|Number of Jobs:||30,800|
|This Job is Ranked in|
|Best Healthcare Jobs||#9|
|The 100 Best Jobs||#15|
The day-to-day work of helping injured patients move more freely requires a mix of skillful, hands-on care and organizational acumen. Physical therapist assistants (PTAs) are part of a clinical team that makes sure that both clients and the business side of a therapy practice move smoothly. Just as physical therapists aid doctors in creating and executing treatment plans, assistants aid therapists in helping patients with movement difficulties caused by injury or disease. They're tasked with everything from cleaning therapy spaces to recording accurate data on patient progress, teaching proper exercise techniques, and showing patients how to use crutches or canes.
This career is growing more quickly than most other healthcare jobs, and at a much faster rate than the jobs of physical therapists that oversee them. According to the Bureau of Labor Statistics (BLS), employment growth for PTAs should average 45.7 percent between 2010 and 2020.
According to the BLS, PTAs earned a median salary of $51,040 in 2011. The best-paid earned about $71,200, while the lowest-paid earned less than $32,030. While the largest number of jobs are centered in large cities such as Chicago or New York, the top-paying metropolitan areas for this career are in Texas.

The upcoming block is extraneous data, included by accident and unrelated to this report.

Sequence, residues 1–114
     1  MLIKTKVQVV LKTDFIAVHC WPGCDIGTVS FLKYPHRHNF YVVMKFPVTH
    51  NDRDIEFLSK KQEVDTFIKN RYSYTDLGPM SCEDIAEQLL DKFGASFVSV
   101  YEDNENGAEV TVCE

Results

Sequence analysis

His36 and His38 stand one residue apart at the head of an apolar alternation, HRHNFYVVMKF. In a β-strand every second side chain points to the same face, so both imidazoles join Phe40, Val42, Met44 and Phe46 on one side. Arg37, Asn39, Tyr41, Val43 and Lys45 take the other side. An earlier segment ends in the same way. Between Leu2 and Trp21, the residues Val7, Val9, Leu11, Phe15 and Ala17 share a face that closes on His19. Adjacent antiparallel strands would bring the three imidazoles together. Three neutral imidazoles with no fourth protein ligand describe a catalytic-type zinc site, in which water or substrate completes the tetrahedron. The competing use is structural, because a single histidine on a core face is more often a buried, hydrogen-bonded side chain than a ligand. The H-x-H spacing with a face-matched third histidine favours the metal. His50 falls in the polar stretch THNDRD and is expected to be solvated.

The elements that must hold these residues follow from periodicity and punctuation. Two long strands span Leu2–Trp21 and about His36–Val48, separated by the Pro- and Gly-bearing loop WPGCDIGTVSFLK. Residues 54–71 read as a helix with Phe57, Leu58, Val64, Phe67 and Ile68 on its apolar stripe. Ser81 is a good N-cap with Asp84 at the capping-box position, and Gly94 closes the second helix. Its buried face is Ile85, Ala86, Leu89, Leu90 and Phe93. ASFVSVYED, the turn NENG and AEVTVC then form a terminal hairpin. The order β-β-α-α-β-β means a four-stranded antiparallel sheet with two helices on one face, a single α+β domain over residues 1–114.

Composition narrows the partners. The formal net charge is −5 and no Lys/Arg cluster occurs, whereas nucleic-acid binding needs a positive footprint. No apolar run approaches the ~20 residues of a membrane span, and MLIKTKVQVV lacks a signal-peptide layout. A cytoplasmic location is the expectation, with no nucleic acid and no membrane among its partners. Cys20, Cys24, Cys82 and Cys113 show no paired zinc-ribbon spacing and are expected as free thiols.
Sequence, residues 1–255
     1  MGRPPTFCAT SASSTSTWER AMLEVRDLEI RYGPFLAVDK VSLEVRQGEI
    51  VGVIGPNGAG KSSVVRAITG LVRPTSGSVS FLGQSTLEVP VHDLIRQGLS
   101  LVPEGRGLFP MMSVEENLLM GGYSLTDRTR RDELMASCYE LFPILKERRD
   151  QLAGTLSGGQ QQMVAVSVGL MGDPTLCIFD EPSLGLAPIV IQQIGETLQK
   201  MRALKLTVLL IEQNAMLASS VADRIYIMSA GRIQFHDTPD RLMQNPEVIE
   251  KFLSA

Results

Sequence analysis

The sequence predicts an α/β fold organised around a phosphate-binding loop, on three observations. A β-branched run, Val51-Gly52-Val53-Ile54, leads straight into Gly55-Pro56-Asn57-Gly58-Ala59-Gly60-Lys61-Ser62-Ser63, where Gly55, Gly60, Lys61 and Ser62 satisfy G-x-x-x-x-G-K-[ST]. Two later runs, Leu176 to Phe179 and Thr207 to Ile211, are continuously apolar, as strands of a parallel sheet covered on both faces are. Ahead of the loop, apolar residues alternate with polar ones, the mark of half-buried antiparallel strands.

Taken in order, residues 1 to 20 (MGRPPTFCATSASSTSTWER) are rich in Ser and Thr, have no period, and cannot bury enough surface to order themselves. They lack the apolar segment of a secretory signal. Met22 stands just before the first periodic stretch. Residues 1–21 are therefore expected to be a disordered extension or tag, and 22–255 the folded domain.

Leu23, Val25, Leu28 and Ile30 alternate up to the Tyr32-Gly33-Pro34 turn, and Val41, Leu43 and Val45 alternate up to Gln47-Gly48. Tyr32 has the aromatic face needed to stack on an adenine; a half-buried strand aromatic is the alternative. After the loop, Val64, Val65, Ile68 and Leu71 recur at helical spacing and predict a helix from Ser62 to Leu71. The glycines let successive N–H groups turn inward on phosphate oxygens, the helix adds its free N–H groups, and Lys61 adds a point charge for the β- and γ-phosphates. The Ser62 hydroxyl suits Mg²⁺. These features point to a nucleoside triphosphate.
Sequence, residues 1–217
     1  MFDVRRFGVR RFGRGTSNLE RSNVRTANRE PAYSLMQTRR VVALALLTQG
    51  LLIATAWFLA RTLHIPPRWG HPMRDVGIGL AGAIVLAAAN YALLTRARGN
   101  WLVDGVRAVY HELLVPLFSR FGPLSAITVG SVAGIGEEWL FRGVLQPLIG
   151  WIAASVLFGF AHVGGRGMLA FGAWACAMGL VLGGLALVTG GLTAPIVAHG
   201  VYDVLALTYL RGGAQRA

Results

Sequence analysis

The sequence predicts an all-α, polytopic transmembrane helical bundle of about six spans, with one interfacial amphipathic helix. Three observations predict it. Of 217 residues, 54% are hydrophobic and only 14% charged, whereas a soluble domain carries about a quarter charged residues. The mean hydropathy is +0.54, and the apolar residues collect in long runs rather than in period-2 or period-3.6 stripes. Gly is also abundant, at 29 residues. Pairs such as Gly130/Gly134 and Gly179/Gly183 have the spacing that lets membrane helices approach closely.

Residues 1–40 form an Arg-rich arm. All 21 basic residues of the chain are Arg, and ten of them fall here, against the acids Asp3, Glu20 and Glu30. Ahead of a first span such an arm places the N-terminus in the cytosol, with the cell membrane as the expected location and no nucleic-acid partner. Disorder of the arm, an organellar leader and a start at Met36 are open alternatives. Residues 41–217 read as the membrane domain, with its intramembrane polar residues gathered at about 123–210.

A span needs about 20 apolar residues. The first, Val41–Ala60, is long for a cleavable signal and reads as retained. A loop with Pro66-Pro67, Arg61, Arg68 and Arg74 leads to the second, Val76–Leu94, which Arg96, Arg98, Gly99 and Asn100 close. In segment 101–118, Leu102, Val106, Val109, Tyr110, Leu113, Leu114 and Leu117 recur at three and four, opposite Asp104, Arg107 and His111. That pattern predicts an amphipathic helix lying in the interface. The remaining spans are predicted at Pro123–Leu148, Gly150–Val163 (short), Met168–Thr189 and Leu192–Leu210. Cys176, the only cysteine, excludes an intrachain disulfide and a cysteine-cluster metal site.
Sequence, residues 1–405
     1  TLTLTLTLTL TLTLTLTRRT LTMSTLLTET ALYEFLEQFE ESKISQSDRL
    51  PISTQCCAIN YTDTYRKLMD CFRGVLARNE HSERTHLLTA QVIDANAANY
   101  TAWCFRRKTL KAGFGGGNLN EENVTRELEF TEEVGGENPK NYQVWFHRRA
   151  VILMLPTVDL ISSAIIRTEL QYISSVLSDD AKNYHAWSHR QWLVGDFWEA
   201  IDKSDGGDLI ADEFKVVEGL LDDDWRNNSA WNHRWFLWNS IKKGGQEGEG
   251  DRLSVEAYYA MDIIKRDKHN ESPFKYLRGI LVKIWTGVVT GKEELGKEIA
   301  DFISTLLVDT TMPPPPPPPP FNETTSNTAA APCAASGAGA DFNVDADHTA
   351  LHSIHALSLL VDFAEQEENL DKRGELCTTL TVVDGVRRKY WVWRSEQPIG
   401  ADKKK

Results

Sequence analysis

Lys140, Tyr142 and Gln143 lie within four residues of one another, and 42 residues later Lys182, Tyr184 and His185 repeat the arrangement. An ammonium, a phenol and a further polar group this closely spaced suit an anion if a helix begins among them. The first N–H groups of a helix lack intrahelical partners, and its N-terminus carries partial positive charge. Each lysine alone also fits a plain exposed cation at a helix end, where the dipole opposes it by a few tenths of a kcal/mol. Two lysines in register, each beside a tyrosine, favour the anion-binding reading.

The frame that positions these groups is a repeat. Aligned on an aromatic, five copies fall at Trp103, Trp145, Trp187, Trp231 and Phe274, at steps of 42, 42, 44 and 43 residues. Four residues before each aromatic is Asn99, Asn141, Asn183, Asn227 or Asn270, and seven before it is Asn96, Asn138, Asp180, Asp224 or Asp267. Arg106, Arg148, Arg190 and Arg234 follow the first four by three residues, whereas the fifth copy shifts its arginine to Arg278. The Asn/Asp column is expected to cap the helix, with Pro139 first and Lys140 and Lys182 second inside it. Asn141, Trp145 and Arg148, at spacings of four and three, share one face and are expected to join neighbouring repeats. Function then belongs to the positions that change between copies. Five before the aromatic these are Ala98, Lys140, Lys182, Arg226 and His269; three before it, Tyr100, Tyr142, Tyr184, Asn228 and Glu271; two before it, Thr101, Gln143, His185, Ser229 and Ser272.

Many PTA programs offer two-year associate's degrees, but students must graduate from a program accredited by the Commission on Accreditation in Physical Therapy Education (CAPTE) to be eligible for the licensure exam required by most states. About a quarter of that education should be in a clinical environment, and that's where the job hunt should start, experts say.
Real-world clinical experience can be a big help in getting a foot in the door. Internships that start during school are the best introduction to a practice that could become an employer, says Nancy Greenawald, the program coordinator of the physical therapist assistant program at Montgomery College in Takoma Park, Md. "The place where they do their clinical internship can say, 'Is this someone who we’d like to have work with us?'"
|Upward Mobility||Below Average|